By Martin Kocandrle, Contributing Reporter
RIO DE JANEIRO – The trends of population growth and increased urbanization has put serious pressures on the housing market of Rio de Janeiro. Much of the urban growth of of the city has spread outwards into surrounding areas, while businesses have remained centrally located. The result is cheaper housing on the outskirts, but often nightmarish commutes into the center.
Property prices are increasing throughout Rio de Janeiro, and the elite properties of Zona Sul have become increasingly difficult to afford. This leaves many to search for homes outside of the downtown area in places such as Barra da Tijuca, Jacarepagua and Niteroi.
As with most suburban scenarios, there are benefits to relocating outside of the hectic realms of the city center. The surroundings are calmer, there is often less crime, and you are able to acquire more property for less money.
In Barra da Tijuca, it is possible to find a four bedroom apartment from R$750,000 or an entire house in Niteroi for R$320,000 and R$550,000 in Jacarepagua. In most areas of Zona Sul that price range would put you in the market for a one or two bedroom apartment.
As the suburban areas of the city become more populated though, transportation infrastructure begins to feel the effects. For those living in the aforementioned areas, commuting options are slim as the only form of public transit available is the bus or van taxi. This forces people into cars, swelling the number of vehicles on the road and bottle-necking traffic at crucial points during rush hour traffic.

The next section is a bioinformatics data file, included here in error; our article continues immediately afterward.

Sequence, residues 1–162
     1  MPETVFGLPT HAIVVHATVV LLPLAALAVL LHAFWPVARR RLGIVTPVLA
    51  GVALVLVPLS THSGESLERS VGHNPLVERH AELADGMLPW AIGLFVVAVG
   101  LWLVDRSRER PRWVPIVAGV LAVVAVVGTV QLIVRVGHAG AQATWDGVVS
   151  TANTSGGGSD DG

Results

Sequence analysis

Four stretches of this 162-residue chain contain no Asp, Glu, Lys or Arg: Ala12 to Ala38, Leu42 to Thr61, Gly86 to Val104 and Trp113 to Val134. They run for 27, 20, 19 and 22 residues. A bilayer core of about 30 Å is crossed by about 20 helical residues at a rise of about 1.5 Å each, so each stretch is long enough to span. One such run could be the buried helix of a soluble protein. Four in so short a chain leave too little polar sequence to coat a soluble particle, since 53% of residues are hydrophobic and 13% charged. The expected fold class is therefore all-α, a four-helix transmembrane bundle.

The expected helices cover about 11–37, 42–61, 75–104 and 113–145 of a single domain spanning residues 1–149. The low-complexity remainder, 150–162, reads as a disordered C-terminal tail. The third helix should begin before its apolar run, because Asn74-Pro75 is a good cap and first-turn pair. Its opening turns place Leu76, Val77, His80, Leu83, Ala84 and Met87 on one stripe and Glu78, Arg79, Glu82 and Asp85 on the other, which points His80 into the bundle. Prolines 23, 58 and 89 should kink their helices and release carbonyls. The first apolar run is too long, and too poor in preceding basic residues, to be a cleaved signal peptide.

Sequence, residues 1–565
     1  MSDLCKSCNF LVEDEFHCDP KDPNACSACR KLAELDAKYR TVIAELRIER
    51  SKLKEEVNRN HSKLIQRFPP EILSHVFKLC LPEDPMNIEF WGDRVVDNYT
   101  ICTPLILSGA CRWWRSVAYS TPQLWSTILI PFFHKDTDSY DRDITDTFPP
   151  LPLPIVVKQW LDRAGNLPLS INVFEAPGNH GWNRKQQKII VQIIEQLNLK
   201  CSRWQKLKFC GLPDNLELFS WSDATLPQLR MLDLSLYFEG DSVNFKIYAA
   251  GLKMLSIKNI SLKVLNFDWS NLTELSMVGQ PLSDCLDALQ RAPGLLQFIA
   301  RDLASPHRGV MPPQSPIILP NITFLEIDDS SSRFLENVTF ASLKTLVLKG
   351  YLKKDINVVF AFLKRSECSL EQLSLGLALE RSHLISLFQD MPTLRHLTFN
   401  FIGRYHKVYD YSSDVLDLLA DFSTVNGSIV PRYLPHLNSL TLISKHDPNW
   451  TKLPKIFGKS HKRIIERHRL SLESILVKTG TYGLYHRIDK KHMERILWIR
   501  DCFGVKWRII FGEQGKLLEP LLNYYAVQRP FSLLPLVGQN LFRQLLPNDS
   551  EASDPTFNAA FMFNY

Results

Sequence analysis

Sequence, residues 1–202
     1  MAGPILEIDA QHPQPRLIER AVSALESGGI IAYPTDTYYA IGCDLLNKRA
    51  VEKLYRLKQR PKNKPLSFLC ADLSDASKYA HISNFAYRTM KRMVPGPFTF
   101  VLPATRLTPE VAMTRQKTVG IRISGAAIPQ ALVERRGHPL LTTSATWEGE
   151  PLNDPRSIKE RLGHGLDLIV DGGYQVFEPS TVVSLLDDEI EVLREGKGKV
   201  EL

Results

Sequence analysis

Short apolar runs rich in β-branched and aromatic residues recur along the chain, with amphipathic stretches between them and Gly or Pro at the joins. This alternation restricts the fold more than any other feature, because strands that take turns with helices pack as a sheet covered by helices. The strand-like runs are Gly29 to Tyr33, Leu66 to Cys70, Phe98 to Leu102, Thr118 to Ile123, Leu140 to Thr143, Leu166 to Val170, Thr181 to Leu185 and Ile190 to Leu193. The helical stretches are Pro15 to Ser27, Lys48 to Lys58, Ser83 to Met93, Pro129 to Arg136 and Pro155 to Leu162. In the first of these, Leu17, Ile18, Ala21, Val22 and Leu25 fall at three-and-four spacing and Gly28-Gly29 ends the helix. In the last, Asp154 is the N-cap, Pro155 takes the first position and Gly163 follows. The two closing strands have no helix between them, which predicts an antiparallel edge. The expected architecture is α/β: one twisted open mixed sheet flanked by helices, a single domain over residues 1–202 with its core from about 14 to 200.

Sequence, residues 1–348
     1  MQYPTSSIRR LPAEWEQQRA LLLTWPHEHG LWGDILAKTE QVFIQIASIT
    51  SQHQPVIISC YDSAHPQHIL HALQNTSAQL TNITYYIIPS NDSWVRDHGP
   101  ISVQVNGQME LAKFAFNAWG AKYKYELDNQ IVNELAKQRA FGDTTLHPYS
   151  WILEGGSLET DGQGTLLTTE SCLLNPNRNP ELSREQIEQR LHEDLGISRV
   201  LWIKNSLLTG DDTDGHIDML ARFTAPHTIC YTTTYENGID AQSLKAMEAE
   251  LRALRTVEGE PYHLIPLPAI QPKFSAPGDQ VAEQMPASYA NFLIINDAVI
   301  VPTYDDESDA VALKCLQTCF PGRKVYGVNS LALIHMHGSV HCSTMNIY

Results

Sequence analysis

Most of Rio’s suburbs lie within a thirty to forty kilometer radius of the city however average commuter times can be horrendous. During rush hour a trip that normally takes about 45 minutes can take up to two or three hours.
A resident of Recreio explained that “For me when I leave work at six I arrive home at eight sometimes nine o’clock, if I stay at work until eight I can get more work done and I arrive at home at about the same time, its crazy.”
From Barra da Tijuca, which is located about thirty kilometers from the city center, the average commute is an hour and a half during rush hour, but can be much worse if there is an incident on the road.
Although Niteroi is only located about twenty kilometers from Centro, thirteen kilometers of the commute takes place on the bridge that traverses the bay between the two cities. About 135,000 vehicles and 400,000 people pass over the bridge on a daily basis. Over the recent Friday holiday, it was recorded that around 80,000 cars passed over the bridge heading out for the holidays.
Even though the bridge is a vital aspect of commerce that has provided a link between Niteroi and Rio de Janeiro it is a commuter’s nightmare. In the event of an accident there is little recourse for drivers to avoid a traffic jam. One resident of Niteroi claims, “I spend about two hours of my day on the bus, a trip that should take fifteen minutes takes about fifty.”
Throughout the floods of April 4th and 5th, traffic was brought to a standstill for hours as cars and buses had no choice but to sit in the rain as the water slowly climbed into the interior of standing vehicles.
There is little to hope of alleviating the congestion as a result of suburbanization unless more investment is made to improve transportation infrastructure.
Currently the city plans to extend the metro line to Barra by 2014, but even this plan is flawed. Residents question both the ambitious end date of the project and the logic of extending a subway line that is already running at capacity and will not be able to accommodate more passengers.
There have also been grumblings over adding extra lanes or levels to the bridge of Niteroi but as of now nothing has been decided and all that remains is grumbling.